uhoh. Sounds like you MIGHT have an eye dominance issue. With shotguns, it's not as pronounced. With rifle,pistol sites, it becomes a problem. Pick an object on your wall about 10 feet away, point your finger at it with both eyes open, close one eye at a time, whichever is looking right down your finger to the object you are pointing at is your dominant eye. If you are right handed and left eye dominant, it can be a bit difficult to shoot rifle/pistol with both eyes open and your weaker eye may not focus well when shutting the other eye for one eye closed. I have to scope everything nowadays being old as dirt and all but I shoot handgun left handed because of the eye dominance. I am naturally left handed but in the dark ages when I was young, they converted all of us lefties over to right handed so it wasn't that hard for me to switch up. But I still shoot bow and rifle right handed. If it is an eye dominance issue, you will just have to train yourself with a lot of practice. If you really find you are having a overly hard time with it, try switching up to left handed handgun shooting.
January 1, 2012, 08:14 PM
How is your vision ?
One of the first signs that I needed glasses was not being able to see both sites and the target clearly. One would blur if I focused on that one the target would blur and so on drove me nuts till someone suggested an eye exam. They were rite things are better now that my shooting glasses are prescription.
Have your eyes examined you may be surprised what you have been missing.
Best of luck.
January 1, 2012, 08:48 PM
I'm right eye dominant and right handed and as far as vision goes, I've never had a eye exam but I don't think I have poor vision. I want to stay as a two eye shooter but I still can't focus on the front sight like this. If I try to focus on the front sight with both eyes open my eyes automatically just put the rear sights in focus and the front sight is no where to be found no matter how I move my head or the gun. Now if I move my eyes to the target then I can see the front and rear sights in a peripheral blur. I'm not sure if I'm explaining my problem in a way that you guys can understand it, but thanks for the help anyways.
January 1, 2012, 10:10 PM
Only one way - practice. Start with dry fire. You should be able to focus in the front sight easily enough. Focus long enough that the front sight is the only item in focus. You say you are right eye, right hand dominant, so this should be easy with either both eyes open or right eye open only. Using one eye would be required if you are cross eye dominant. Who suggested you shoot with one eye?
January 1, 2012, 10:16 PM
no one, I just can't focus on the front sight with both eyes open, I can only see the two rears. Its weird because I am right handed right eye dominant, I've done all the little dominant eye tests.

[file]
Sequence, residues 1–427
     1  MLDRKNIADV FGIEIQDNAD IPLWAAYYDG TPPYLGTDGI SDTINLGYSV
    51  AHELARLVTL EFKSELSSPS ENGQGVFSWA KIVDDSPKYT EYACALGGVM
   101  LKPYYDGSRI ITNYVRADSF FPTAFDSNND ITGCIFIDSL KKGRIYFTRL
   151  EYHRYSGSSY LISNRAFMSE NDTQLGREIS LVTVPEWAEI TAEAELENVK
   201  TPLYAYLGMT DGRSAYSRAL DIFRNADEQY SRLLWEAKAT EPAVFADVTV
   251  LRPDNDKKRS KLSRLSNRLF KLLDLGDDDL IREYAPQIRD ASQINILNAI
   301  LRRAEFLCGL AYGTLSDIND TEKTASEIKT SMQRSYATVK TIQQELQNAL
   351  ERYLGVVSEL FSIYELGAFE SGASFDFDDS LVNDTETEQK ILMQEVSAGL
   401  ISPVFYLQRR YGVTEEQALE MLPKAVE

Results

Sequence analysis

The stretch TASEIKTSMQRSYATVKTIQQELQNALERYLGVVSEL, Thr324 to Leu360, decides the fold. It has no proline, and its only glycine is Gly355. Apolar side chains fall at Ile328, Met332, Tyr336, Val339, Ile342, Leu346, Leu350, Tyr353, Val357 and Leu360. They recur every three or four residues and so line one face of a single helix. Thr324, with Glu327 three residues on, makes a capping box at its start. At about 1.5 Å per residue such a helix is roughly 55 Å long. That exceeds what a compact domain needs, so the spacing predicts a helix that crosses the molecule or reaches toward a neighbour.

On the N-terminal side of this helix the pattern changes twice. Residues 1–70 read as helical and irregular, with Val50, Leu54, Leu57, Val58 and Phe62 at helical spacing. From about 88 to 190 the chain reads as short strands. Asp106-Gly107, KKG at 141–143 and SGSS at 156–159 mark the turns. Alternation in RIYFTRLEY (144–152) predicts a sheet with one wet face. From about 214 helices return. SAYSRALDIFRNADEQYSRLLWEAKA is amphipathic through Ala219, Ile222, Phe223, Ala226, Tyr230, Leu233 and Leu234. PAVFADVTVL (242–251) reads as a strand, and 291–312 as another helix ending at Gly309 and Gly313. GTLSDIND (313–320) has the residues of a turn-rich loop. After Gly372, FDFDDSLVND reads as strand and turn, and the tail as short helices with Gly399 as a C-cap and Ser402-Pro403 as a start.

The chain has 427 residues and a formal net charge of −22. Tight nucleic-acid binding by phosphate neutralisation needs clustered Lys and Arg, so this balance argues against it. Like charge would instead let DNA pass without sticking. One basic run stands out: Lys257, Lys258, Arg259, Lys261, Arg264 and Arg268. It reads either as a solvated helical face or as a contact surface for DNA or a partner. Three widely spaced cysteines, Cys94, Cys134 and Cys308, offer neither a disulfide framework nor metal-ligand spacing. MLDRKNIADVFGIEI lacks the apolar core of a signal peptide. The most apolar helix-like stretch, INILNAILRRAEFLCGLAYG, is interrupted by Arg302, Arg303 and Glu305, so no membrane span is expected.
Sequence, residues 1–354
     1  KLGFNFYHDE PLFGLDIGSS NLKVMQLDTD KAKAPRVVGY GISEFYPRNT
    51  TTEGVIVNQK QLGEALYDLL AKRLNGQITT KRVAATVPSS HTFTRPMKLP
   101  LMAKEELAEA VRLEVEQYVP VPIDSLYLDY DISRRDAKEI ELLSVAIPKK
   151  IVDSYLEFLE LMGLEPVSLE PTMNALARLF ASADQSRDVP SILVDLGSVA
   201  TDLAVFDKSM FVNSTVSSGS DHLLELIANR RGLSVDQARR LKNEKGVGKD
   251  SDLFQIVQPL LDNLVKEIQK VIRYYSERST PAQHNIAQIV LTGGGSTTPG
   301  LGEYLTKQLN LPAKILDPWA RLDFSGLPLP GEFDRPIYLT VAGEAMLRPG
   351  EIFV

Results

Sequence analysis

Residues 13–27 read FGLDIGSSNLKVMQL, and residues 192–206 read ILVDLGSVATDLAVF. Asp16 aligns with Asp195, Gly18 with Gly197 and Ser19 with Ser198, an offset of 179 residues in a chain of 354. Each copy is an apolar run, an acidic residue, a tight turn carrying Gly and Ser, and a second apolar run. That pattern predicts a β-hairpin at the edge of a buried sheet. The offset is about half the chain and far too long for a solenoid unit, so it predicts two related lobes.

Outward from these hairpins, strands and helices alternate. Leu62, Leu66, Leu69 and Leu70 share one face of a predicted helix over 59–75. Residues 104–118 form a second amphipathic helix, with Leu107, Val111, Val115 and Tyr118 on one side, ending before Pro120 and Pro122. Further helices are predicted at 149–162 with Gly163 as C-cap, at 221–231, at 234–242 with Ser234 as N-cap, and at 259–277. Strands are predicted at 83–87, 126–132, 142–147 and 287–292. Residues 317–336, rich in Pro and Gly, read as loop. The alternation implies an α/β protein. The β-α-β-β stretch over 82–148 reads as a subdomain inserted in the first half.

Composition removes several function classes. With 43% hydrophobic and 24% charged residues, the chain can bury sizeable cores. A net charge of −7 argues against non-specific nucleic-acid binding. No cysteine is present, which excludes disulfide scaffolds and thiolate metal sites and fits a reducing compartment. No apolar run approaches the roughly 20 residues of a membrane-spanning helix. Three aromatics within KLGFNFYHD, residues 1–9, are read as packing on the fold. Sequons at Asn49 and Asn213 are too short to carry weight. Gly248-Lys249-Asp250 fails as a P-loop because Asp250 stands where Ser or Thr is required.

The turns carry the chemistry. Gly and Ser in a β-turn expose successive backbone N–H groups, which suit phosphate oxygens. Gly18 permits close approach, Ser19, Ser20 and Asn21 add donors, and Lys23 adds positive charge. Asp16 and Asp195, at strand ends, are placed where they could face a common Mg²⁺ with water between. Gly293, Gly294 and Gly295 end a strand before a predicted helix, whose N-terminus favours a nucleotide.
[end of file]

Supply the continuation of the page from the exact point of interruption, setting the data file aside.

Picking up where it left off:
January 1, 2012, 10:20 PM
For pistol, you focus on the sights. The error budget for sight misalignment is very small. The target? Don't worry about seeing it clearly.
January 1, 2012, 10:24 PM
Ok thats exactly what I'm trying to do but I can't find the front sight with both eyes open to focus on it as stupid as that sounds. I can only find the front sight if I look at the target and peripherally blur the front and rear sight.
January 1, 2012, 10:40 PM
Put a piece of scotch tape (the kind that isn't perfectly clear) over the left lens of your shooting glasses and see if that helps. Once you train your brain/right eye, things might get better.
January 1, 2012, 10:42 PM
thanks for the info, i'll try that.
January 1, 2012, 10:45 PM
I would also tell you to go for an eye exam and explain your problem to the Doc. He will set you up with a pair of glasses that will work for your needs when shooting.
I bet your eyes are the problem, I was seeing the sights about like you and they were the problem for me.
January 1, 2012, 10:51 PM
Wow, great thread. My own vision totally blows, I'm right handed, surf goofy-footed, shoot left handed, can't 'wink' my right eye (which has better vision) so I shoot with just my left eye open. Needless to say.....I'll never be a sniper....:D
January 1, 2012, 11:21 PM
Hey guys I recently started pistol shooting after years of competitive shotgun clay target shooting. When shooting clays my method was total focus on the target with both eyes open and as long as my head was down on the stock of the gun, the gun would shoot where I was looking. I was very successful shooting like this.... And I've also done more than my share of competitive clay target shooting. I even shot at the Grand American in Vandalia one year. And that's how I shoot clay targets (or pheasants).
But I'm also an NRA certified instructor in Basic Handgun as well as some other handgun classes. And I've been a competitive handgun shooter in USPSA competition and Cowboy Action Shooting. When shooting a handgun, I shoot with both eyes open and focus on the front sight. (When shooting a scoped rifle, I focus on the reticle.)
January 1, 2012, 11:25 PM
I just don't understand how im supposed to focus on the front sight with both eyes open. If I try to do this I have to squint my left eye to see the front sight. Now I know what your thinking, but I am NOT left eye dominant. All dominant eye exercises show right eye domination. Plus all the years on shotgun shooting with both eyes open wouldn't have worked if I was left eye dominant.
January 1, 2012, 11:47 PM